Hepatitis C Signs and Symptoms
Hepatitis C is an infection which attacks the liver and causes inflammation. It is classified as an infectious disease caused by a virus known as the hepatitis C virus or HCV. But what are the signs and symptoms of hepatitis C? Commonly, patients aren’t even aware that they have contracted this infection, because HCV is often asymptomatic.
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By asymptomatic, this means that usually isn’t any hepatitis C signs and symptoms. It’s not uncommon for hepatitis treatment to begin years after initial exposure to the virus. With a lack of symptoms, many patients aren’t diagnosed with hepatitis C until after they have developed significant liver damage.
While many cases of hepatitis C tend to asymptomatic, chronic infections can occur in patients. These infections can cause liver scarring and eventually cirrhosis. There are several types of hepatitis, but hepatitis C is considered to be the most severe. This disease is passed through contact with HCV contaminated blood. It is widely known that many cases of HCV were contrived through the sharing of needles that were used for illegal drugs.
Common Symptoms of Hepatitis C
In about 15% of hepatitis C cases, the infection will cause acute symptoms in the patient. These symptoms tend to be mild and flu-like, so many people may not think too much about them. In about 10 to 15% of cases the infection resolves itself spontaneously, but this more frequently occurs in patients who are young and female.
Acute hepatitis C signs and symptoms include:
- Loss of appetite
- Muscle or joint pain
- Weight loss
- Tenderness around the liver
The majority of people who are exposed to the HCV virus will develop a chronic infection. Unfortunately, most patients will experience little or no symptoms in the first several years of having the disease. In recent hepatitis C research, medical researchers have found that fatigue has been associated with chronic hepatitis C. Either way, after many years this chronic infection becomes the primary cause of liver cancer and cirrhosis. About 10 to 30% of those with a chronic hepatitis C infection will develop cirrhosis over a 30 year period.
Cirrhosis is an even higher risk for:
- Co-infected patients with HIV or hepatitis B
For the patients who do end up developing cirrhosis, their risk of getting a hepatocellular carcinoma goes up 20 fold. If any of these patients are also alcoholics than that risk is increased an additional 100 fold, and for that reason doctors have repeatedly urged people with hepatitis C to watch their alcohol intake.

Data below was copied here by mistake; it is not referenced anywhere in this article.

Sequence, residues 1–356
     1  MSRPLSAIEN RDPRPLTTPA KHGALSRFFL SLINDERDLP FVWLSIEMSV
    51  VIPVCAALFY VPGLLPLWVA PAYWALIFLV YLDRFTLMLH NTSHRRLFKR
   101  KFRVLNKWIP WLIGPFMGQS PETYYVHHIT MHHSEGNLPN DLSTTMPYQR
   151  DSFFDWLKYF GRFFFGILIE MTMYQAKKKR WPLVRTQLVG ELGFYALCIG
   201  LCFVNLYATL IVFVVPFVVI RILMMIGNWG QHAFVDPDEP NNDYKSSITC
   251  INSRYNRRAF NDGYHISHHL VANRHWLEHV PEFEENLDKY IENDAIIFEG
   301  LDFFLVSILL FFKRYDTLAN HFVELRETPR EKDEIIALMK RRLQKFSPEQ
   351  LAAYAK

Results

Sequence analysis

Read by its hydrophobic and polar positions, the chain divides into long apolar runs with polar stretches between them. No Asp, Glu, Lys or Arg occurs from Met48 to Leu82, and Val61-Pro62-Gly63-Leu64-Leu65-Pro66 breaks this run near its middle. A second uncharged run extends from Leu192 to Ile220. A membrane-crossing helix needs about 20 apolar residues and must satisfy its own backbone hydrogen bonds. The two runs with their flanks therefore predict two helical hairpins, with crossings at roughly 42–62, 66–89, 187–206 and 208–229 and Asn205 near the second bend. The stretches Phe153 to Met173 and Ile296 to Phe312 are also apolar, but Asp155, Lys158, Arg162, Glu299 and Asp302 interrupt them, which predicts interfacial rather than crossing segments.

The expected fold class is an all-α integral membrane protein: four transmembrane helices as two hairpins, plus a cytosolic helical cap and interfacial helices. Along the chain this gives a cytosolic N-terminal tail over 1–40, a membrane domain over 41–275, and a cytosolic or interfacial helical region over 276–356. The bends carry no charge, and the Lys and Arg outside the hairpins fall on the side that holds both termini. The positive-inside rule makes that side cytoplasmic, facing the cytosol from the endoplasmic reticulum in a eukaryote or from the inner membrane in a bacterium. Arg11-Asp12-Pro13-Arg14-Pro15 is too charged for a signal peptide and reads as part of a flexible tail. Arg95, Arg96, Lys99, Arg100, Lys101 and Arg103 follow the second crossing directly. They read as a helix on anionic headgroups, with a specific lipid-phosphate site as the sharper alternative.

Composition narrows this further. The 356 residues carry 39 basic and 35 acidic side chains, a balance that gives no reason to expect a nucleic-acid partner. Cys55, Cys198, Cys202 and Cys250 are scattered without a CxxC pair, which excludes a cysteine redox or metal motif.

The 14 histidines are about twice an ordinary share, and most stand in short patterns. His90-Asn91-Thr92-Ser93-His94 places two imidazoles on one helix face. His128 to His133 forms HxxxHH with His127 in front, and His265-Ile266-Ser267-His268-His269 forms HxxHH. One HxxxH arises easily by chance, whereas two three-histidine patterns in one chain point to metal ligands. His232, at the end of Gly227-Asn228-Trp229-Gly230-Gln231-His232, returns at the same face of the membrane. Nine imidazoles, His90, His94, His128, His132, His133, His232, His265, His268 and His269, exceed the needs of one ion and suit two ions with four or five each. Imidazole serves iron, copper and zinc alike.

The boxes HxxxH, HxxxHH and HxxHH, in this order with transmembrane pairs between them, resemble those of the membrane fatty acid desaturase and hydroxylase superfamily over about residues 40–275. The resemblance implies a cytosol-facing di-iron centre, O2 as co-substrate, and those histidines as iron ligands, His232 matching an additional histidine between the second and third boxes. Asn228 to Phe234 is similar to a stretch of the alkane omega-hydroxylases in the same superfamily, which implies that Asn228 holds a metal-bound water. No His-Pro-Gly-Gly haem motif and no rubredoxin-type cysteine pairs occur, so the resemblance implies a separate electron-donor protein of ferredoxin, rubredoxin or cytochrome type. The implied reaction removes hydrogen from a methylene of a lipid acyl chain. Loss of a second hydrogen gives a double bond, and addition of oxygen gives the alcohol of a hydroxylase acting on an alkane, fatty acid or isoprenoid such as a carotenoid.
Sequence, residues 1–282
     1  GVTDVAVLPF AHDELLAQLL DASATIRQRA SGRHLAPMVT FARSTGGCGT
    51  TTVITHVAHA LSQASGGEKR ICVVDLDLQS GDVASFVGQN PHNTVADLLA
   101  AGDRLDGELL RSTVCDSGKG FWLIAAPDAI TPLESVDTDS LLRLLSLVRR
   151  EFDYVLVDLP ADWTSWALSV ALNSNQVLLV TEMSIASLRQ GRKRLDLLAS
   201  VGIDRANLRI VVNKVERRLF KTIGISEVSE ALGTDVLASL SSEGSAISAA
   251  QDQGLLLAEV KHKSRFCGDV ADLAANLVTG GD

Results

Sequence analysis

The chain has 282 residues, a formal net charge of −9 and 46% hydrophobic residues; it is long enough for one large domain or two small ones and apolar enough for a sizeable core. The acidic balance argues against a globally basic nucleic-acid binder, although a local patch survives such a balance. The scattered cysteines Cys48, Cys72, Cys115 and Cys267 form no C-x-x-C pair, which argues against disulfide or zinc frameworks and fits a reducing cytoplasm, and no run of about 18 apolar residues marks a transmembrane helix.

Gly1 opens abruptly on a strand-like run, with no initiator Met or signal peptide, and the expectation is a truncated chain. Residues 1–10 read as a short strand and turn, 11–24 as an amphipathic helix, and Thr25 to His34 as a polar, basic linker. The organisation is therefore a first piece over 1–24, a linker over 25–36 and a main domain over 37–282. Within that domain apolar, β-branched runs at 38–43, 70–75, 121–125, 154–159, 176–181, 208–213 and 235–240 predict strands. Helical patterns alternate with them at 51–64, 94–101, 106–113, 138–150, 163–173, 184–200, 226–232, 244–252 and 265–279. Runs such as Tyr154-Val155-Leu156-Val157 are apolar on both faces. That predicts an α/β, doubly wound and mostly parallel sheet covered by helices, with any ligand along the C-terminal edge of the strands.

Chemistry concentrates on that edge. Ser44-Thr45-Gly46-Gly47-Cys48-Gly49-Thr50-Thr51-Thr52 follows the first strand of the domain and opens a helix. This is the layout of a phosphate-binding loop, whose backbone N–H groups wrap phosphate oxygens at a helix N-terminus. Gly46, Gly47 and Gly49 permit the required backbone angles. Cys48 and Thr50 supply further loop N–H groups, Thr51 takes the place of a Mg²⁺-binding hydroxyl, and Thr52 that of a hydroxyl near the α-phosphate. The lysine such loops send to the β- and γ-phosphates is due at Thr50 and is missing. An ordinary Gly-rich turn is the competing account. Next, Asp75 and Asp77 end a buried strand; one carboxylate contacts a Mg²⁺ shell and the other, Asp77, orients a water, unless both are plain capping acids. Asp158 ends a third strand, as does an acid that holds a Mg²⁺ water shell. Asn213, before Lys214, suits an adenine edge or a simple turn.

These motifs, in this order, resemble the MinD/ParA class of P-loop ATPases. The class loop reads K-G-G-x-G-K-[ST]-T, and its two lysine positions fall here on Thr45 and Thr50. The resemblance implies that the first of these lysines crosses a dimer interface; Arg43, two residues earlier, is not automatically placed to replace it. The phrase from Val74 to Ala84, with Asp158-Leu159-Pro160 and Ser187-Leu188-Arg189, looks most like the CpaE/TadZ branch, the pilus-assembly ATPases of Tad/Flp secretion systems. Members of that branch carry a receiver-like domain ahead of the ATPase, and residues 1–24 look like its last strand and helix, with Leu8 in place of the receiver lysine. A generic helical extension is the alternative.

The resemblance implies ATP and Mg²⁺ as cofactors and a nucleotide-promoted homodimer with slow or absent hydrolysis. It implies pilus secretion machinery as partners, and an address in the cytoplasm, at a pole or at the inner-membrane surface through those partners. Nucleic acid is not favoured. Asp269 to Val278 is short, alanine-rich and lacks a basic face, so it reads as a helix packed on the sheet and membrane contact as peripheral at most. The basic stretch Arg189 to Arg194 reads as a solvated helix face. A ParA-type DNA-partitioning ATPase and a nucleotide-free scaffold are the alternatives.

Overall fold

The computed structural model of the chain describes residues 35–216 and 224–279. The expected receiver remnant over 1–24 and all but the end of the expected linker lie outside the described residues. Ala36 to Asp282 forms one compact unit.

Liver Cirrhosis can lead to many other medical complications including:
- Accumulation of fluid in the abdomen (hydroperitoneum)
- Enlarged veins
- Easy bruising or bleeding
- Portal hypertension
- Can cause a syndrome of cognitive impairment known as hepatic encephalopathy
- Commonly requires a liver transplant
The Primary Causes of Hepatitis C Infection
As mentioned earlier, hepatitis C is caused by the hepatitis C virus (HCV). This virus is spread through contact with contaminated blood. HCV is a small, single-stranded, enveloped, positive sense RNA virus of the family Flaviviridae. These hepatitis viruses are all members of the hepacivirus genus of that family. Medical researchers have discovered seven major genotypes of the HCV virus, and about 70% of the American cases of hepatitis C are caused by the first HCV genotype.
With a lack of hepatitis C symptoms in most cases, the cause of transmission remains unknown in a significant number of cases. In the world today, the hepatitis C infection is spread primarily through:
- Shared needles: This still remains one of the highest risk factors for contracting hepatitis C. Sharing needles while injecting drugs for multiple reasons is extremely risky.
- Childbirth: Some babies are at risk of becoming infected during childbirth if their mothers have the hepatitis C virus.
- Sexually Transmitted: Though rare, HCV can still be sexually transmitted.
- Tattoos: Believe it or not, but tattooing has been associated with a sizeable increased risk of contracting hepatitis C. The primary concern is tattoo parlors that do not take the necessary care to properly clean and sterilize their equipment.
- Contaminated Personal Care Items: Any items used for personal care like razors, toothbrushes, manicure or pedicure items can come into contact with HCV blood. The chances of contracting HCV through these means are very rare, but caution should be taken regarding the sharing of these items.
- Developing Countries: There is still a risk of contracting hepatitis C from blood transfusions or other botched medical procedures. With improved blood screening tests available since 1992, this has not been much of an issue in developed countries.